The Blossoming Universe of Violet Diamond

The Blossoming Universe of Violet Diamond

3.3 3
by Brenda Woods
     
 

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Coretta Scott King Honor winner Brenda Woods’ moving, uplifting story of a girl finally meeting the African American side of her family explores racism and how it feels to be biracial, and celebrates families of all kinds.

Violet is a smart, funny, brown-eyed, brown-haired girl in a family of blonds. Her mom is white, and her dad, who died before she was born,

Overview

Coretta Scott King Honor winner Brenda Woods’ moving, uplifting story of a girl finally meeting the African American side of her family explores racism and how it feels to be biracial, and celebrates families of all kinds.

Violet is a smart, funny, brown-eyed, brown-haired girl in a family of blonds. Her mom is white, and her dad, who died before she was born, was black. She attends a mostly white school where she sometimes feels like a brown leaf on a pile of snow. She’s tired of people asking if she’s adopted. Now that Violet’s eleven, she decides it’s time to learn about her African American heritage. And despite getting off to a rocky start trying to reclaim her dad’s side of the family, she can feel her confidence growing as the puzzle pieces of her life finally start coming together. Readers will cheer for Violet, sharing her joy as she discovers her roots.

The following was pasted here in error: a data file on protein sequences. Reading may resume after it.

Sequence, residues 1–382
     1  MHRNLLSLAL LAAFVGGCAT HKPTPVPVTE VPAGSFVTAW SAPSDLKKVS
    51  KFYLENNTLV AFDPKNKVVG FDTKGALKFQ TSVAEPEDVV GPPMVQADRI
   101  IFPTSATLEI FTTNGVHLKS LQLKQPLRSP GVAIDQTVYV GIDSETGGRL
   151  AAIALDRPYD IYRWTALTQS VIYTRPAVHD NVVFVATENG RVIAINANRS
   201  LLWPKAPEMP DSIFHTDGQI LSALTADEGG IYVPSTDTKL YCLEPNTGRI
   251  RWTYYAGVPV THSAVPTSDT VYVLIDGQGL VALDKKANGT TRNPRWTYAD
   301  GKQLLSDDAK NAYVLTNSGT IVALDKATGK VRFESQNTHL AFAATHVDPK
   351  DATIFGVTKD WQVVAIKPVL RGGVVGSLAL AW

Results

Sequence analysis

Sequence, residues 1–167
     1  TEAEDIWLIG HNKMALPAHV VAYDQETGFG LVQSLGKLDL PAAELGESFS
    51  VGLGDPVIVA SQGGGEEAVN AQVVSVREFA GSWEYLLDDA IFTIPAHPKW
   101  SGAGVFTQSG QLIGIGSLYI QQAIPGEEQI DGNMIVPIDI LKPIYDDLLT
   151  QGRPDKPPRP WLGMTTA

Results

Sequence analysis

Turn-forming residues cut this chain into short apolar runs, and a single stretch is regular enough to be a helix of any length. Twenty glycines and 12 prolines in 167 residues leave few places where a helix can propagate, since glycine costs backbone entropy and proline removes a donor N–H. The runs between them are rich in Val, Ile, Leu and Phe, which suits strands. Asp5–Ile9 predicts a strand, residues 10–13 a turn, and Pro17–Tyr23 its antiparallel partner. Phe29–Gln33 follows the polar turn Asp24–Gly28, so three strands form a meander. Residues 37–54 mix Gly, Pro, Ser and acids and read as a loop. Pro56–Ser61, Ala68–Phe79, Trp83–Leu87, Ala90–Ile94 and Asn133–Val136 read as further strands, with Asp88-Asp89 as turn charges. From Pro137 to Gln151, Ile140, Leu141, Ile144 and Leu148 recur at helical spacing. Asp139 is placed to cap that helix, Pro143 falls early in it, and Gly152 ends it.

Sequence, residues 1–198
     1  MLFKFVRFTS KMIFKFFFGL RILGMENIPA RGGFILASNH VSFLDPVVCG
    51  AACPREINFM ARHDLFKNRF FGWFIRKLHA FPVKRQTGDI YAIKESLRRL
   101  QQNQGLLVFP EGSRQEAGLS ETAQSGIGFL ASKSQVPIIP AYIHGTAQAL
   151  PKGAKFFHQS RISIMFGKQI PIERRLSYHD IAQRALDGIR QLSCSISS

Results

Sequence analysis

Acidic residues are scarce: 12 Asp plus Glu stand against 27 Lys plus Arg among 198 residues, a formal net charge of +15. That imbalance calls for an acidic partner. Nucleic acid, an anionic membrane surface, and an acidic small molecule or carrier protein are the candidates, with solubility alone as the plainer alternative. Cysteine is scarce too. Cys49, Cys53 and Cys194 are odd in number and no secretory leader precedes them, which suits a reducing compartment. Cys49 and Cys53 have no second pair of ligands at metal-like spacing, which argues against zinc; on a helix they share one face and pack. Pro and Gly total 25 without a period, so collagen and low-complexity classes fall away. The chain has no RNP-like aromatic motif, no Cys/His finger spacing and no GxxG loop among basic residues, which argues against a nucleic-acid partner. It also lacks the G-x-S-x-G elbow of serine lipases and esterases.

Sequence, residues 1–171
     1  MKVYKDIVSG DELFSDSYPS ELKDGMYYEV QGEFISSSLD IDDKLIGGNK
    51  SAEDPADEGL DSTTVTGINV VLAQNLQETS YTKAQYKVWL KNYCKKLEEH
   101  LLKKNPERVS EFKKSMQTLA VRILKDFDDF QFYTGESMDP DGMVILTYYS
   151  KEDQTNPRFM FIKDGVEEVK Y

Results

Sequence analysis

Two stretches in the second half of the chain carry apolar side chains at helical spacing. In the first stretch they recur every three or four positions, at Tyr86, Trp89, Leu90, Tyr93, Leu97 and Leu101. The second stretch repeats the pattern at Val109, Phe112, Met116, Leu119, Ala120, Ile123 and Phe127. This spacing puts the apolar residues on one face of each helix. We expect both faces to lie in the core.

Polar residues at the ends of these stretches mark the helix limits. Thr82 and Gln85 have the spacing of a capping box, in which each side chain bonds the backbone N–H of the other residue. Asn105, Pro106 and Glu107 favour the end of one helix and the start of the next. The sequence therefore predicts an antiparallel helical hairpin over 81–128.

Editorial Reviews

Publishers Weekly
10/28/2013
Woods (Saint Louis Armstrong Beach) returns with the story of 11-year old Violet Diamond, who is struggling with her biracial identity; the novel handles big-picture topics well, but falters with its energy and authenticity. Violet is the daughter of an African-American father, who died in a car accident two months before her birth, and a white mother. Violet’s Seattle suburb is largely white, and Violet feels angry and confused by the puzzlement people display when they see her with her white family. Motivated by a dream about her father, Violet reaches out to cultivate a relationship with her paternal grandmother and her father’s family, whom she has never met. The subdued, meandering nature of the story and Violet’s overly formal voice can be difficult to connect to, but Woods deftly raises complex issues of race and identity and leaves them open for discussion: whether race matters, what makes a family, how it feels to be different, and what it means to be biracial. “To white people,” Violet thinks, “I’m half black. To black people, I’m half white.... Is that what I am, a percentage?” Ages 8–12. (Jan)
The Bulletin of the Center for Children's Books